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Thousands of people have been infected with the Coronavirus since early January, prompting China to take extreme measures to halt its spread.
Japan and the United States have begun evacuating their citizens from China amid the spread of the Cononavirus in several parts of the Asian nation. At the same time, British Airways has suspended their flights to mainland China as deaths from the new virus leapt to 132 and a government economist predicted a huge hit to the economy.
The Chinese authorities have pledged to slay the 'devil' Coronavirus and it appears to have won over the World Health Organization, despite the confirmation of another 1,459 cases. At least 5,974 cases of the Coronavirus have been reported since the start of the new year
Most of the cases in China have been reported in the central province of Hubei, the capital of which is Wuhan, where the virus emerged last month in a live wild animal market. The situation remained “grim and complex”, Chinese President Xi Jinping acknowledged.
In many Chinese cities, streets were largely deserted with the few who ventured out wearing masks. Starbucks stores in Beijing required people to have temperatures taken and posted notices saying it was a state requirement to wear masks inside.
“It’s my first time here in Asia, I feel very unlucky,” said Brazilian tourist Amanda Lee, 23, reluctantly cutting short a trip. “I couldn’t even see the places I wanted, like the Great Wall.”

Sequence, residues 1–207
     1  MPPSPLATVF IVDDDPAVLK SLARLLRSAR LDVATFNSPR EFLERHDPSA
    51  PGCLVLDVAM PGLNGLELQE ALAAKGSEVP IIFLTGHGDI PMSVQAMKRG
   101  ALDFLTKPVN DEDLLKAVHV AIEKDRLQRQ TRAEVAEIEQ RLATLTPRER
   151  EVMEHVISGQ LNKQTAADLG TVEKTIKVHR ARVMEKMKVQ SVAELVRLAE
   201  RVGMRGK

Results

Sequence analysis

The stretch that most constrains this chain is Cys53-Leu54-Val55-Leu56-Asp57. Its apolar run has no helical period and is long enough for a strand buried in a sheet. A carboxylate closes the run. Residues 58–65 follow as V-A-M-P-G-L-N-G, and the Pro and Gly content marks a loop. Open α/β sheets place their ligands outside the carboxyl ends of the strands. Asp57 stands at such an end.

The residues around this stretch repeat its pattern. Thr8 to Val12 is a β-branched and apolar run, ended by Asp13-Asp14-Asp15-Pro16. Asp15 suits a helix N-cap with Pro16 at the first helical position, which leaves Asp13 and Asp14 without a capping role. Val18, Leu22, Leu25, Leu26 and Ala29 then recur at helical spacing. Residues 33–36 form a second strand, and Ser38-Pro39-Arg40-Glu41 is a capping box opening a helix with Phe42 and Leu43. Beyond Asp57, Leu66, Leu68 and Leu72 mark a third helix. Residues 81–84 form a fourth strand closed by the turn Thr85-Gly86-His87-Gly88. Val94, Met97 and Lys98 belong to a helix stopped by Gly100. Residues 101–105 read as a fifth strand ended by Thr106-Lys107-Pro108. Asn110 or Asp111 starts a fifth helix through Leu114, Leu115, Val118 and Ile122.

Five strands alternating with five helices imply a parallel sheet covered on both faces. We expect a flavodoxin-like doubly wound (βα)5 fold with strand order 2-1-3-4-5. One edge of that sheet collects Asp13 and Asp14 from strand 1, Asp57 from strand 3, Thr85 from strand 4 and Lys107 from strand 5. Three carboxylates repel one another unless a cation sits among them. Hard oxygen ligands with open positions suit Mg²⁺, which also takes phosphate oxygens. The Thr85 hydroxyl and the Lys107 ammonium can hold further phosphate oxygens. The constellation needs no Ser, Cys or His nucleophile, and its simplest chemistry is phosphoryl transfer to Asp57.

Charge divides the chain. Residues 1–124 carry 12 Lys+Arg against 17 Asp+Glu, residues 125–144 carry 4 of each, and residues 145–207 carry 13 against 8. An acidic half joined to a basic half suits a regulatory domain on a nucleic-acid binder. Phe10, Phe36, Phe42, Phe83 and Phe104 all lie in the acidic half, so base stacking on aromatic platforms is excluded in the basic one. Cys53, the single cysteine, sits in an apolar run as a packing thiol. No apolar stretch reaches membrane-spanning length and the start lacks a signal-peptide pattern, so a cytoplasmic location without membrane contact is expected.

There was relief, however, among those evacuated from Hubei province, home to about 60 million people and under virtual lockdown. “I was extremely worried that I was stuck there,” said Takeo Aoyama, who arrived in Tokyo on a chartered plane carrying 206 Japanese out of Wuhan, with more flights planned.
Two of the Japanese evacuated had symptoms of pneumonia but coronavirus had not been confirmed, medics said.
The virus is weighing heavily on the world’s second-biggest economy. Companies are curbing travel to China, and airlines are cutting flights, with British Airways one of the biggest names in aviation to do so.
The gambling hub of Macau was virtually a ghost town, while malls and shopping centers in Asian capitals were bare.
A Chinese government economist said growth may slow to 5% or even lower in the first quarter of 2020 as the crisis hits more sectors, which could impel policymakers to unveil more stimulus measures.